was hung and the village; inhabitants of which were found to be very warm and outspoken secessionists and confident of winning in the great struggle.
Company A was ordered back to Harper's Ferry
as a Provost Guard, while the rest of the regiment marched on.
The regiment on the right of the Third Brigade was leading the column and when they reached the village the next morning some one struck up ‘John Brown
's body lies a
mouldering in the ground.’
The whole regiment immediately joined in the chorus.
(They were all singers,—then.) But to their surprise, Col. Hinks
issued orders that the singing should immediately be stopped.
Soon they saw what he intended, for the band began to play the same tune, and then the men joined in again and rolled it out with vigor all the way through the town.
The whole Corp took up the song and through the streets of the little town 15,000 men marched and sang the refrain.
There were many in the town who looked on from behind the closed blinds, and scowled, but here and there a face could be seen beaming with satisfaction to see the Union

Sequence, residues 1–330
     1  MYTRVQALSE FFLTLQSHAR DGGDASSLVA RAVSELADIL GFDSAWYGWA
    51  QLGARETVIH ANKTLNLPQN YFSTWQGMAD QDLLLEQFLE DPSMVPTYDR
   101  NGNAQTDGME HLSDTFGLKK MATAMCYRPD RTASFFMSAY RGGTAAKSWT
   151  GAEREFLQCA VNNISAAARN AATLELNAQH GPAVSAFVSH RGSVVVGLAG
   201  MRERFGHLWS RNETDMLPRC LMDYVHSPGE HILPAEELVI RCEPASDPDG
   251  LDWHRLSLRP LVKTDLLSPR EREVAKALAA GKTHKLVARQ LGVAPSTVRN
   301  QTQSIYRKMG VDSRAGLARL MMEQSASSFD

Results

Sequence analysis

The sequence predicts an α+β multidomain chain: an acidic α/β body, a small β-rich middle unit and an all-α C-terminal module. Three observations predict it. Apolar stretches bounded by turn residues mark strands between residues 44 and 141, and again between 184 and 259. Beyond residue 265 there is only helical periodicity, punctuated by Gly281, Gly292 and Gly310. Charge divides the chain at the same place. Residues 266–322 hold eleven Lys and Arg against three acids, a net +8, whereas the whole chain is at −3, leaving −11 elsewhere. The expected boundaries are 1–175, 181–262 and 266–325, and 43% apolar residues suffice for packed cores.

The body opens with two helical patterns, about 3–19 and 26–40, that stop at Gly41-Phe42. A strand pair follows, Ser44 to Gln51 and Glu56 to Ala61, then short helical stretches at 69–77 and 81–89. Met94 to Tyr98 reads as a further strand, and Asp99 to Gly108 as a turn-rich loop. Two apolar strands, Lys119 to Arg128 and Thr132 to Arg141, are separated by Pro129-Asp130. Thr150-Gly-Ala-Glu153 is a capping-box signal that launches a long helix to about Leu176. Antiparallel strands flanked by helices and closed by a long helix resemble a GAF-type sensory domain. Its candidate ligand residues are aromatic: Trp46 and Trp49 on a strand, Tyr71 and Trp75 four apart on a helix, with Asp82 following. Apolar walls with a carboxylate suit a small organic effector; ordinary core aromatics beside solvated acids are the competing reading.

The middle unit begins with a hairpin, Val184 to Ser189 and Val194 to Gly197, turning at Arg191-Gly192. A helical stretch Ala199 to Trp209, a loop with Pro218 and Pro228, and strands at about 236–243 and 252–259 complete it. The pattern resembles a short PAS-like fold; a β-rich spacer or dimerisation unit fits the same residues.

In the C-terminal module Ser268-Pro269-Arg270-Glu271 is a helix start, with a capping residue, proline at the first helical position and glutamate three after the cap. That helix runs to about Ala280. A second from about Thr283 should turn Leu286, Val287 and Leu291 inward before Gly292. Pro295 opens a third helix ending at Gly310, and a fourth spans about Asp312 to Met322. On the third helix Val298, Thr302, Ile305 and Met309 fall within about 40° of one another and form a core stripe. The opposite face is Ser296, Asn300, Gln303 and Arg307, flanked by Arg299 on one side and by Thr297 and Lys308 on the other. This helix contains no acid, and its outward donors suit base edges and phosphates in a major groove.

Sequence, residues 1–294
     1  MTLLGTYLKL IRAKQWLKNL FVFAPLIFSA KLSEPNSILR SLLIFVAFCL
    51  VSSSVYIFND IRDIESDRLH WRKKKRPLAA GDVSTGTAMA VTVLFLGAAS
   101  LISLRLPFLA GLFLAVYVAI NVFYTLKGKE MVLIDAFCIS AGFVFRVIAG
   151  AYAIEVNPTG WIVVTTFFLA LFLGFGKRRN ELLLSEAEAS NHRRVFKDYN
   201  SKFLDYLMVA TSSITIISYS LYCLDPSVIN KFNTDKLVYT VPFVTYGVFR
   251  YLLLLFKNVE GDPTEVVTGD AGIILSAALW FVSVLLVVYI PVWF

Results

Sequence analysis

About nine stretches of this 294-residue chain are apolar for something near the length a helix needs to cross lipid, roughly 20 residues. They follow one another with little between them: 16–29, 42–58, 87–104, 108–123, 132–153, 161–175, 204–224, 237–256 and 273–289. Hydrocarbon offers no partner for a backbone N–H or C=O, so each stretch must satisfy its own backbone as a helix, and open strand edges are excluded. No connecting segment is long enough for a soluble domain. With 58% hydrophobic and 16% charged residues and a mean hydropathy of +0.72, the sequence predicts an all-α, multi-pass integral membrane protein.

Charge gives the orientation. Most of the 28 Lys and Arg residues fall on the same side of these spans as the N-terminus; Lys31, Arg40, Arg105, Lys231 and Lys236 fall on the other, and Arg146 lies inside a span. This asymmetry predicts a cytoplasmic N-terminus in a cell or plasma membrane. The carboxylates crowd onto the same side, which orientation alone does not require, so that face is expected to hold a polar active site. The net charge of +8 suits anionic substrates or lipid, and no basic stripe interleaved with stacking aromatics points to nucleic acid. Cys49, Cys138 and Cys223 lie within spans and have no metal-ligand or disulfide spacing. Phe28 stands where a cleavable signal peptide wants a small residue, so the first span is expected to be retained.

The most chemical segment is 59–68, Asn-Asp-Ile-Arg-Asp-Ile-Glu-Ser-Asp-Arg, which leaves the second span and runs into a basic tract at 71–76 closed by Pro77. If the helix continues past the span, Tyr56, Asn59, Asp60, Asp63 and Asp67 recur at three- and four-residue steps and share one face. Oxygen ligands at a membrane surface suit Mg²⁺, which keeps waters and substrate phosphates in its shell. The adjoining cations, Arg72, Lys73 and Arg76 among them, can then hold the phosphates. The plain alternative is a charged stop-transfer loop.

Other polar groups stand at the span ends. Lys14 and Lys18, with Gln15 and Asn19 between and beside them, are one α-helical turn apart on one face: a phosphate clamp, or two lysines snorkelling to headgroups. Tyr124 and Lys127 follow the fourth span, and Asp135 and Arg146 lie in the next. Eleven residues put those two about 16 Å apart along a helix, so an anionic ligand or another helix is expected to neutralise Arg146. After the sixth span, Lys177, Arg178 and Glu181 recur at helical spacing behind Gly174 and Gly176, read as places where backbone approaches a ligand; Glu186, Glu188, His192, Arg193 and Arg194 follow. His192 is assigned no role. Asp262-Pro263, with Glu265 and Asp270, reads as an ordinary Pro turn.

troops marching down to victory.
Many colored people were upon the streets, but no white people came out.
The teams were behind, there were no tents to shelter the men and at night they were ordered into a field covered with heavy oak timber, to do the best they could for shelter.
An order had been issued from army headquarters forbiding the taking of any property, even of old Secessionists, for the use of the army.
The order included even fence rails, which must be protected and not put to use. The enemy's outposts had been driven away from behind the breastwork of rails which they had piled up for their protection.
The men soon began to collect these and build fires, but the commander did not interfere, realizing that there are times when necessity overtops all rules.
The men were wet through, were tired and hungry and to save the regiment from possible serious sickness, fires were indispensible.
By the next night Dana
's brigade had reached Berryville
, where it joined the other two brigades of the division, under command of Brig. Gen. John Sedgwick
It was not destined, however, to remain in the Shenandoah Valley with Banks
for, on the the 15th of March, the Division
started early on its return to Harper's Ferry
and encamped on Boliver Heights, occupying the deserted houses, which made very comfortable quarters.
Here the command remained until March 24.
It rained steadily all the time, and the streets, cut up by the constant passage of heavy teams, were reduced to a condition rivaling those at Muddy Branch